August 19, 2015
Corticosteroids Reduce Hospital Stays, Complications
for Pneumonia

Hamilton, Ontario—Treating community-acquired pneumonia (CAP) patients with corticosteroids reduces hospital stays, the need for mechanical ventilation, and the complication rate, according to a new Canadian analysis of clinical studies.

The report, published recently in the Annals of Internal Medicine, was on research summarizing evidence from 13 randomized trials involving more than 2,000 patients. The study was led by researchers from McMaster University.

“Our study should lead to an important change in treatment for pneumonia,” lead author, Reed Siemieniuk, MD, said in a McMaster press release. “Corticosteroids are inexpensive and readily available around the world. Millions of patients will benefit from this new evidence.”

Background information in the article notes that lower respiratory infections are the second most common cause of premature mortality globally and that, in developed countries, hospitalization for CAP is common and is often associated with acute respiratory distress syndrome requiring mechanical ventilation and with significant mortality.

To determine the effectiveness of treatment with systemic corticosteroids in hospitalized adults with CAP, two reviewers independently extracted study data from MEDLINE, EMBASE, and the Cochrane Central Register of Controlled Trials through May 2015, assessing risk of bias as well as quality of the evidence.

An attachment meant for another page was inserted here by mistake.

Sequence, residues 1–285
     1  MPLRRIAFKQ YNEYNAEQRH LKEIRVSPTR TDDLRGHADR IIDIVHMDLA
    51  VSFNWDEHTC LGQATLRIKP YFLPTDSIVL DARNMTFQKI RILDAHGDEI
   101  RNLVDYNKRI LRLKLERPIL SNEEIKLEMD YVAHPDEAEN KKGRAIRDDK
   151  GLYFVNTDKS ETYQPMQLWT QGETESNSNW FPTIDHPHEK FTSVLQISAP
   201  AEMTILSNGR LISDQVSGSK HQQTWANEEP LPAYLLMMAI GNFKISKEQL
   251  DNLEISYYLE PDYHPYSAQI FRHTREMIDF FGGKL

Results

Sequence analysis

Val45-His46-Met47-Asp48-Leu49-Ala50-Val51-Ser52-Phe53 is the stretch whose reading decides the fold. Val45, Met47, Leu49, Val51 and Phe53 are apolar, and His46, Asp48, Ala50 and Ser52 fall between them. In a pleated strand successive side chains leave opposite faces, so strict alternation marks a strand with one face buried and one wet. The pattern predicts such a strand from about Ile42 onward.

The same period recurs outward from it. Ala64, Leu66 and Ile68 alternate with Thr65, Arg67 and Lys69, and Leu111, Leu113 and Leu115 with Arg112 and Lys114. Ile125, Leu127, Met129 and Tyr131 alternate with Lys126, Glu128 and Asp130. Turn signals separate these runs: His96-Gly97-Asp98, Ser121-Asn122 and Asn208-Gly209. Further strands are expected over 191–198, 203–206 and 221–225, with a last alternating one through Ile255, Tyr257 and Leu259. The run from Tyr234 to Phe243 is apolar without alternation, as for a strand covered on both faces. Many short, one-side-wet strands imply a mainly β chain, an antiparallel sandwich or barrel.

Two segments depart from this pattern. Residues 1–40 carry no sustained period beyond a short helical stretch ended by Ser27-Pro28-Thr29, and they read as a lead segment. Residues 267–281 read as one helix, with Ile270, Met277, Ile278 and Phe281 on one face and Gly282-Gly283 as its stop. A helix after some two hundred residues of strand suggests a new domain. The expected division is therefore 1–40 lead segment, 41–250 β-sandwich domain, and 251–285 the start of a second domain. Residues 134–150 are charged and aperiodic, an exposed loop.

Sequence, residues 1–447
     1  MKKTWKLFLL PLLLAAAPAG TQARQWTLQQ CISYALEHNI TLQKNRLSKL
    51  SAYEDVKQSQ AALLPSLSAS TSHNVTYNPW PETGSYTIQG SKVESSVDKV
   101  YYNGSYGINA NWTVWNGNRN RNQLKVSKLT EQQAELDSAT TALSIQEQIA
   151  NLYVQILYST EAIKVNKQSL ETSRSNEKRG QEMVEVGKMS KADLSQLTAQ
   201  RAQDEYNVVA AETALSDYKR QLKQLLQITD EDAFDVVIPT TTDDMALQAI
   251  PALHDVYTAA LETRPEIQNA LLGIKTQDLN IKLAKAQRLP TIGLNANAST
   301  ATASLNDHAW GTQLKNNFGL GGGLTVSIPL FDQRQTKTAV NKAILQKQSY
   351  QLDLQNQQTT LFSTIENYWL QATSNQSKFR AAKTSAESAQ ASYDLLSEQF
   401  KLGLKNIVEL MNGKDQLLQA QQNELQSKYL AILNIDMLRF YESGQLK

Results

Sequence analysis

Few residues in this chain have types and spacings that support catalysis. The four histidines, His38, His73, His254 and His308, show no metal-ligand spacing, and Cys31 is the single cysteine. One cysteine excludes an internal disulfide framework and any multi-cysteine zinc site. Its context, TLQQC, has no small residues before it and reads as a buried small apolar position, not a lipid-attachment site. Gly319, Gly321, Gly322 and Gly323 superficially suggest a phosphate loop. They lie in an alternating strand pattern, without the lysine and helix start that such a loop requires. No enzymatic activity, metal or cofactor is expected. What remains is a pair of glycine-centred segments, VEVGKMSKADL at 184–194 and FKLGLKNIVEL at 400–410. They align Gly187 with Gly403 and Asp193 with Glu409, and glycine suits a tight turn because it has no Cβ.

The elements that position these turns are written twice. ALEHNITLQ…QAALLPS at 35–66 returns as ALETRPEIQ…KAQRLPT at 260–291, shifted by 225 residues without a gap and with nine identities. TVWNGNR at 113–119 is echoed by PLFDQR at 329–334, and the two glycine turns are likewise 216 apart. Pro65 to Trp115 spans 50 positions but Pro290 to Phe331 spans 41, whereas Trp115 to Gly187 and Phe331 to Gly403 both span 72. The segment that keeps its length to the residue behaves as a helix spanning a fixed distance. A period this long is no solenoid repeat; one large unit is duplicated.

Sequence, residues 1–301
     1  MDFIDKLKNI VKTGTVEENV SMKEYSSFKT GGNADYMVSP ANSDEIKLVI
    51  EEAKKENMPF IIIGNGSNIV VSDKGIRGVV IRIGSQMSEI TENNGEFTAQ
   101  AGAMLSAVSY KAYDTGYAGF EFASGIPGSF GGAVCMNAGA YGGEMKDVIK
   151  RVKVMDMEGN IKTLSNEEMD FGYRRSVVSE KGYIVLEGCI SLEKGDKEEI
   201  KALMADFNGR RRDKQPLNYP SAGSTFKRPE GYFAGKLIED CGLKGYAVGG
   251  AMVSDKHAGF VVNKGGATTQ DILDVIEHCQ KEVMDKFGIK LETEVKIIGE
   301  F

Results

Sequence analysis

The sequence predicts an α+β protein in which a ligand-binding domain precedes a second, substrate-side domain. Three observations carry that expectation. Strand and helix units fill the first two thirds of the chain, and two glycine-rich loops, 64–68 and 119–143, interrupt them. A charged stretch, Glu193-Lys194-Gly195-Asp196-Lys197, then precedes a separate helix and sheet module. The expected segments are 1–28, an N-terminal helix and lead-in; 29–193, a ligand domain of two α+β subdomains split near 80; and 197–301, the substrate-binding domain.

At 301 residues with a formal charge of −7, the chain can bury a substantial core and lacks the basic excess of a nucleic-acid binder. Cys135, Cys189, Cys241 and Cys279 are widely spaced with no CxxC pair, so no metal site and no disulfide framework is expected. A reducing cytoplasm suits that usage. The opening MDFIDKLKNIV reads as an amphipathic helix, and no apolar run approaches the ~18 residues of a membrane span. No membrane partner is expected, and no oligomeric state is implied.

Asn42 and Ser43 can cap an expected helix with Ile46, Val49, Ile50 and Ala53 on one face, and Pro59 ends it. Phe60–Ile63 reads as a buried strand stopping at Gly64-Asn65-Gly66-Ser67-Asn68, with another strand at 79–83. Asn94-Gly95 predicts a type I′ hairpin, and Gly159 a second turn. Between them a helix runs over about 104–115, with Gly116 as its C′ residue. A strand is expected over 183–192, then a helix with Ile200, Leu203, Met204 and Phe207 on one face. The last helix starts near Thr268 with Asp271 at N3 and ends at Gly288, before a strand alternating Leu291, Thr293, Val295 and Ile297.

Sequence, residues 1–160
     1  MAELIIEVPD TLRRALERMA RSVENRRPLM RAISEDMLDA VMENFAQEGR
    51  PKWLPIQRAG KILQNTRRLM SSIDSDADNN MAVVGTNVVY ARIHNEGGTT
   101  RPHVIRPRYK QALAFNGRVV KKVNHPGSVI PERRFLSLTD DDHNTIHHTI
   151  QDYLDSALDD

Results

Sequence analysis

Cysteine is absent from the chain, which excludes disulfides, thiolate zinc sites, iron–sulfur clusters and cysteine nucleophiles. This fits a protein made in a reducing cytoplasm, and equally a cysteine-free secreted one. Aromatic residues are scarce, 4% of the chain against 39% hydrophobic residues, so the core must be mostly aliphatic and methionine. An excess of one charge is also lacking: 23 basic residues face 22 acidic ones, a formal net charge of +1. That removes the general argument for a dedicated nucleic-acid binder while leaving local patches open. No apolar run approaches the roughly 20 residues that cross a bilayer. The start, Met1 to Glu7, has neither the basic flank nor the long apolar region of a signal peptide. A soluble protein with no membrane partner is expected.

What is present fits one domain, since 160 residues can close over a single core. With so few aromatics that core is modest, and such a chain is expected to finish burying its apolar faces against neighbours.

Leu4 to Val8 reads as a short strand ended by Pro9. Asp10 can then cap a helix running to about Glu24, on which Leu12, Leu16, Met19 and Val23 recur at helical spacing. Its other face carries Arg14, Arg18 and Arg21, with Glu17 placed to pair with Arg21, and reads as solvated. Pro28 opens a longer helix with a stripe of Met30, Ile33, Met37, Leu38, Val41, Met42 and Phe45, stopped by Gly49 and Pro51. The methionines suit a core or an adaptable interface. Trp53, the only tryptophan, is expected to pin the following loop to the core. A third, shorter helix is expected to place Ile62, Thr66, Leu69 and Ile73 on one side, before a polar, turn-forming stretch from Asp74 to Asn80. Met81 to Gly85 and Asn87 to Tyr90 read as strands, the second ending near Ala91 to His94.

Results indicate positive results for the treatment with few downsides.

“For hospitalized adults with CAP, systemic corticosteroid therapy may reduce mortality by approximately 3%, need for mechanical ventilation by approximately 5%, and hospital stay by approximately one day,” the authors conclude.

Adjunctive corticosteroids resulted in more hyperglycemia requiring treatment, according to the review, but did not increase frequency of gastrointestinal hemorrhage

“Seldom do we see a major advance in treatment of a condition as common as community-acquired pneumonia,” said senior investigator Gordon Guyatt, MD, MSc, professor of clinical epidemiology and biostatistics at McMaster. “Corticosteroids over short periods are safe, and we now know that they achieve important benefits in a serious and common medical illness.”
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